Should harder-hit nations get bigger allocation before other nations’ high-priority groups?
As the pandemic continues to affect millions daily, including health-care workers, old people and those with pre-existing diseases, who would be the first to get a COVID-19 vaccine? Nations are making plans for coronavirus vaccine(s) allocations once they are proven safe and effective. Meanwhile, a strategic advisory group at the World Health Organization (WHO) came up with preliminary guidance for global vaccine allocation, prioritizing the first-deserving groups.
However, the WHO plan is still at an early stage and needs more attention before its recommendation can become actionable, other experts say. Meanwhile, The US Centers for Disease Control and Prevention (CDC) and the US National Institutes of Health (NIH) asked the US National Academies of Sciences, Engineering, and Medicine (NASEM) to develop its allocation plan. Both agencies while tapping NASEM requested that the report must address how to give vaccine priority to “populations at high risk”, including “racial and ethnic groups” in the United States.
NASEM Draft Plan
NASEM with an assembled panel used WHO’s recommendations as a draft plan to further identify groups that should be prioritized for vaccination. Experts appreciate both plans for addressing the historic scale and unique epidemiology of the coronavirus pandemic. And they commend the NASEM for including in their guidance minority racial and ethnic groups — which COVID-19 has hit hard — by addressing the socio-economic factors that put them at risk.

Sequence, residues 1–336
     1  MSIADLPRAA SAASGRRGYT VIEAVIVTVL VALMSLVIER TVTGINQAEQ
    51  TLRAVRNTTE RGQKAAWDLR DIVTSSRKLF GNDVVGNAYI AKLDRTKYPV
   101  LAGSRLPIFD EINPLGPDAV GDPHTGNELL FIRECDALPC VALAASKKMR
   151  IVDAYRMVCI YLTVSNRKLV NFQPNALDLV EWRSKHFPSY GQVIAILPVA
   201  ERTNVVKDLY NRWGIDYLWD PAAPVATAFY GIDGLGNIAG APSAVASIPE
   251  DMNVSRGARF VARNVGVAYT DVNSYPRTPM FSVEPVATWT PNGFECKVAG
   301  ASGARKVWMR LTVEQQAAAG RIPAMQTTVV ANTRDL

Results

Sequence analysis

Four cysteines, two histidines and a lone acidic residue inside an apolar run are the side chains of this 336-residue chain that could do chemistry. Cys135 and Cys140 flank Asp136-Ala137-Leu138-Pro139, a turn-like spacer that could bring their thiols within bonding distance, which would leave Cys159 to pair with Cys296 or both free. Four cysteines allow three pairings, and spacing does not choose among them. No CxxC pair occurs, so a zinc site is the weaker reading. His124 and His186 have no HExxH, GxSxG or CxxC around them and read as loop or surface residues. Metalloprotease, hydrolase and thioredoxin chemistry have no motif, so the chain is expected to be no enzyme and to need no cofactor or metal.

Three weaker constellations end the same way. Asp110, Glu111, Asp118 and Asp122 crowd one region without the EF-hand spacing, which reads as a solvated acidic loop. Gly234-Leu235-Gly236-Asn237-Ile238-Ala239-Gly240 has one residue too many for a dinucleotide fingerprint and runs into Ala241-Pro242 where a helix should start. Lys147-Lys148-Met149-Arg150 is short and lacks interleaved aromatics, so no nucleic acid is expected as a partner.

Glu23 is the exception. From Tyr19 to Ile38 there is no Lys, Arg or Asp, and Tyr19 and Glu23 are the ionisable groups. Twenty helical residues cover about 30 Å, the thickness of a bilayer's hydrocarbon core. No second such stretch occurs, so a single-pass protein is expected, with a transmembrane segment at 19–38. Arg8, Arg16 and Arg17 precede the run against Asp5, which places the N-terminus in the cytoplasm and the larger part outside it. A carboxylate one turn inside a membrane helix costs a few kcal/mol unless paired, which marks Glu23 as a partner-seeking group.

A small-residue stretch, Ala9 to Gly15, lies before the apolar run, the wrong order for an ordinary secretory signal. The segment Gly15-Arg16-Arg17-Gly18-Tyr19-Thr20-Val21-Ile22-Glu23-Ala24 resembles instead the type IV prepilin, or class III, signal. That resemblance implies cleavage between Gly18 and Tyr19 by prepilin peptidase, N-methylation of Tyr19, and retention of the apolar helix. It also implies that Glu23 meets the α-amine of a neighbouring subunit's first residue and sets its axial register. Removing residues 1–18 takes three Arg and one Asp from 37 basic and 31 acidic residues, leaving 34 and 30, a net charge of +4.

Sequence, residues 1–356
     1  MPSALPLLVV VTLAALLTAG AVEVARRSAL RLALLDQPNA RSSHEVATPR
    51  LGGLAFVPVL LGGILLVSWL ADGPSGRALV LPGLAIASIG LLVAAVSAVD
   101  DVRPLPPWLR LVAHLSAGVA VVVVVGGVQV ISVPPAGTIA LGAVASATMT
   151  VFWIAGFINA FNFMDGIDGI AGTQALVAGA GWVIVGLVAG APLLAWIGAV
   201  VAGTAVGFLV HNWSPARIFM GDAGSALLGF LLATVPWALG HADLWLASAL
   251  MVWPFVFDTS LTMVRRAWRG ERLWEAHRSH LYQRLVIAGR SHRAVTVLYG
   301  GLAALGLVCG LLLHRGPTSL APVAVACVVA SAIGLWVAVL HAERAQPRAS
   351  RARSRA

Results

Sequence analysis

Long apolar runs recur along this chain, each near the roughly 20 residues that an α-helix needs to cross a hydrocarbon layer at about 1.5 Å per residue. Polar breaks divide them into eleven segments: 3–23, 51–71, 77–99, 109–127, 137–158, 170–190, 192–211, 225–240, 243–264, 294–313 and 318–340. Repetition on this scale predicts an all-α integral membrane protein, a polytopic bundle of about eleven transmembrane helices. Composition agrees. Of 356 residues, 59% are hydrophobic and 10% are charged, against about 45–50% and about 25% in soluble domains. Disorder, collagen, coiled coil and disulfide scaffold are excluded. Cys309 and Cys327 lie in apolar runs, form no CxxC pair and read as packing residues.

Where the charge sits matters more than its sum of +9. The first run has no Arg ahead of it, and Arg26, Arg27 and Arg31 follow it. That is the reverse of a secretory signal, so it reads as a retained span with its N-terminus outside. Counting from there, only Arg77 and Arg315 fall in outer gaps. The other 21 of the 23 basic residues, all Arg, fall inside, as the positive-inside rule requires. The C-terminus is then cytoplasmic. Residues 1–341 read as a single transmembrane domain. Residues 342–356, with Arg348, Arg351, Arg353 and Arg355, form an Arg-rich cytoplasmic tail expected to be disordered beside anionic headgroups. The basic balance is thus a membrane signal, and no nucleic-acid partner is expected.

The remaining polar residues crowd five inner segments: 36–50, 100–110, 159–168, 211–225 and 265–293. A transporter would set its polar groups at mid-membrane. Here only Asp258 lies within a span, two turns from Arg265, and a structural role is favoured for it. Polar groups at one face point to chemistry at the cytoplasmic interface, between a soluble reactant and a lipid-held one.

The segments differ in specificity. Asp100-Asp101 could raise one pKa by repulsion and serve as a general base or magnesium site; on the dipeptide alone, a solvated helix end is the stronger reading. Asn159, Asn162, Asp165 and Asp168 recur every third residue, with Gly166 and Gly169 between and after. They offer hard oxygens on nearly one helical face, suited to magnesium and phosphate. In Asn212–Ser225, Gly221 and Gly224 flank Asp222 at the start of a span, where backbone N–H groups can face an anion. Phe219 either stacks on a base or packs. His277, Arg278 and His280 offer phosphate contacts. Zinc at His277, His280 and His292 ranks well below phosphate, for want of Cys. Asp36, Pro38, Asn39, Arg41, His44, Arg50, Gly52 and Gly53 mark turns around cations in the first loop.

A Tiered Approach (NASEM)
The US National Academies of Sciences, Engineering and Medicine have proposed a five-phase plan to fairly allocate a coronavirus vaccine to US residents.
Phase 1 – Health-care workers and first respondents (5%)
Phase 2 – People with underlying conditions that put them at high risk of severe COVID-19 disease or death, and older adults in densely populated settings (10%)
Phase 3 – Essential service workers at high risk of exposure, teachers and school staff, people in homeless shelters and prisons, older adults who have not already been treated and people and people with underlying conditions that put them at moderate risk (30-35%)
Phase 4 – Young adults, children and essential service workers at increased risk of exposure (40-45%)
Phase 5 – All remaining residents (5-15%)
Percent is the percentage of the US population to receive a vaccine. Source: NASEM
The US President Donald Trump has already hinted, as most health-care experts expected, the arrival of an approved coronavirus vaccine. He has been focusing on a vaccine to be ready by November, in time for the US presidential election.
“But a perception that the vaccine has been rushed could erode people’s trust in it,” says Sandra Crouse Quinn, a behavioral scientist at the Center for Health Equity at the University of Maryland in College Park. “This could make vaccine-allocation plans less effective.”